Friday, 30 October 2020

In Search of Nice Americans: First Impression of Costa Rica!

Extracted from Geoff Steward’s entertaining travel book ‘In Search of Nice Americans‘, the following is his light hearted and very, very funny (The Telegraph) first impression of Costa Rica.

Trough my one half-open eye, I am taking in the new landscape and country. I have never been to Central America. The houses are roadside shacks made of whatever materials were  to hand: some brick, some wood, some corrugated iron, some steel, some chicken wire, some Toyota suspension parts and shock absorbers, all fnished off with a splash of magenta or cyan or mustard or a combination of all three. We pass one such multicoloured patchwork shack with six dead fridges outside it. No doubt they will feature soon in the construction of some other properties and cars.

Each little village has little more than a church, a football pitch (field) and a Coca-Cola sign. Skeletal horses are wandering the streets and we nearly run over the dog off the front cover of J. M. Coetzee’s book Disgrace. It had the good sense to not be standing in a pothole, otherwise Seasick Steve would almost certainly have hit it.

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The children here seem happy enough, though. Those who are over the age of ten are playing around on motorbikes and scooters. The younger ones are riding on the saddle-less frames of  push-bikes twice their size. The wheels of one bike are bigger than the boy riding it. All the playful children are smiling, despite being deprived of internet connectivity or social media. They seem to be able to socialise without media, and they can even climb trees.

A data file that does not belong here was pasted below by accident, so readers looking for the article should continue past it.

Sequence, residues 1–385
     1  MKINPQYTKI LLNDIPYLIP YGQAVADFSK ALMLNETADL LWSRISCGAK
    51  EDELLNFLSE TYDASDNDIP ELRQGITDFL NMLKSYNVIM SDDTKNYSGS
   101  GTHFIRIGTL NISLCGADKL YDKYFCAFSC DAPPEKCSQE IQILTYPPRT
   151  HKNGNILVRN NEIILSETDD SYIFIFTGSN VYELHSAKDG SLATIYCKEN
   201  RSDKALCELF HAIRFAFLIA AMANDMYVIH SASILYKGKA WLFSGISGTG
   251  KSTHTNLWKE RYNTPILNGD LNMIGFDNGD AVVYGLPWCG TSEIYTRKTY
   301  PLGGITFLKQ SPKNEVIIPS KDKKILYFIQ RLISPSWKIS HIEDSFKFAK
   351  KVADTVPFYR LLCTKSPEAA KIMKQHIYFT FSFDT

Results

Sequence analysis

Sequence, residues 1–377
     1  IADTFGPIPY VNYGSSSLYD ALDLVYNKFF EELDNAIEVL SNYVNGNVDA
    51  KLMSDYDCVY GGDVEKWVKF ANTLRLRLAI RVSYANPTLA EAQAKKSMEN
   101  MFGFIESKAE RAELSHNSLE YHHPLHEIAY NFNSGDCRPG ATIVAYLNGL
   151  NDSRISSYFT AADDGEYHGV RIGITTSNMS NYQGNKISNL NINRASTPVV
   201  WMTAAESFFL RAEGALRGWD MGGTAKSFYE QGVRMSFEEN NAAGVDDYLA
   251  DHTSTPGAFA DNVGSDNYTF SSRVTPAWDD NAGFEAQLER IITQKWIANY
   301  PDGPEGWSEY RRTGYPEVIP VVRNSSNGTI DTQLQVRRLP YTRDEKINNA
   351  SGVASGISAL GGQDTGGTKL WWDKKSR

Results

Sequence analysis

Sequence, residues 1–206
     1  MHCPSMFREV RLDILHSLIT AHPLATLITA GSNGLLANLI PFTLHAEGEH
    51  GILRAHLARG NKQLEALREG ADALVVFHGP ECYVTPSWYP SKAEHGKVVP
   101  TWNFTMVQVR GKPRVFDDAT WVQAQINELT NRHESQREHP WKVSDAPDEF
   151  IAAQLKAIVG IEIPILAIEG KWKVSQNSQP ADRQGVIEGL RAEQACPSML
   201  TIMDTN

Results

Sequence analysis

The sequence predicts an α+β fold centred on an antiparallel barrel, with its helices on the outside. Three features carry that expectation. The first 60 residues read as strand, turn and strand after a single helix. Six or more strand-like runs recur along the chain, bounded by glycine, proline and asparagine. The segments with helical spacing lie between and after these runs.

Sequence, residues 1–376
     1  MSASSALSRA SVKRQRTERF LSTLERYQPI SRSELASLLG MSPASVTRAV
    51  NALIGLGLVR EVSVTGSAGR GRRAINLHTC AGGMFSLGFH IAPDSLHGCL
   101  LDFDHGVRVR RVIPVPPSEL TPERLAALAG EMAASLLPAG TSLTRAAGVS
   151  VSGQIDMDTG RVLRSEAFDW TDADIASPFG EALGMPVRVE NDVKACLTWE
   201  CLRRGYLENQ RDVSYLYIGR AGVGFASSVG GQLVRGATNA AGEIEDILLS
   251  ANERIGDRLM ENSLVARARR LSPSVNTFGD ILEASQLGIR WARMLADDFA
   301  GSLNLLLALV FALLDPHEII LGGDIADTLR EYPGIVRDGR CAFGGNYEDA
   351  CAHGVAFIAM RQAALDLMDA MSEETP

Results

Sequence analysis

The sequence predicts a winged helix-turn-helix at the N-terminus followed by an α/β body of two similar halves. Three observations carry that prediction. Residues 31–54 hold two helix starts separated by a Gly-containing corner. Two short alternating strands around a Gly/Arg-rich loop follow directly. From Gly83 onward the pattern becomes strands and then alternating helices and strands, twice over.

Father Christmas gifted Joe and Mary a bike each, two years ago, and they have sat in the garage ever since. I asked Mary why she never rides her bike and she told me it was because she had lost the charger.

Some ex-friends of mine in London once bought a child like these, from Mexico. It was legitimate, not kidnap. They couldn’t have children due to faulty ovaries so went through a Jewish adoption agency specialising in Mexican children. They became better friends of mine during the adoption process; so much so that they asked me to be a referee. I had to be interviewed by a social worker to attest to them being good, non-childmurdering people. They bought their child from a young Mexican girl who was a drug addict. I never met the child because my friendship was no longer required once the adoption process was completed and the papers said that a partner in a law firm had validated their credentials. That is the type of superficiality with which I have slowly come to terms in London.

Despite the unsuspended cars, the deep potholes, the undernourished farm animals, the oversized bikes, the roadside fridges and the DIY accommodation, Costa Rica topped the Happy Planet Index rankings in 2016 (having previously come top in 2009 and 2012 as well). Even though its economy is based primarily on farms and hotels, its people have higher well-being scores than in the US and the UK, have a better ecological footprint, and live longer. It is smaller than Scotland but is home to the greatest density of species in the world (which is what brought me here, as Haywards Heath only has badgers and squirrels).

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But perhaps Costa Rica’s master stroke in achieving happiness and contentment is that it abolished its army in 1949 and has since reallocated defence funds to be spent on education, health and pensions. It is a surprisingly simple idea, but unlikely to be tried in England despite the fact that the last time we were invaded was in 1066.

For anyone at a crossroads, contemplating a temporary or permanent career break, this affectionate travel romp is essential reading. Buy your copy here.

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Q Costa Rica
Reports by QCR staff

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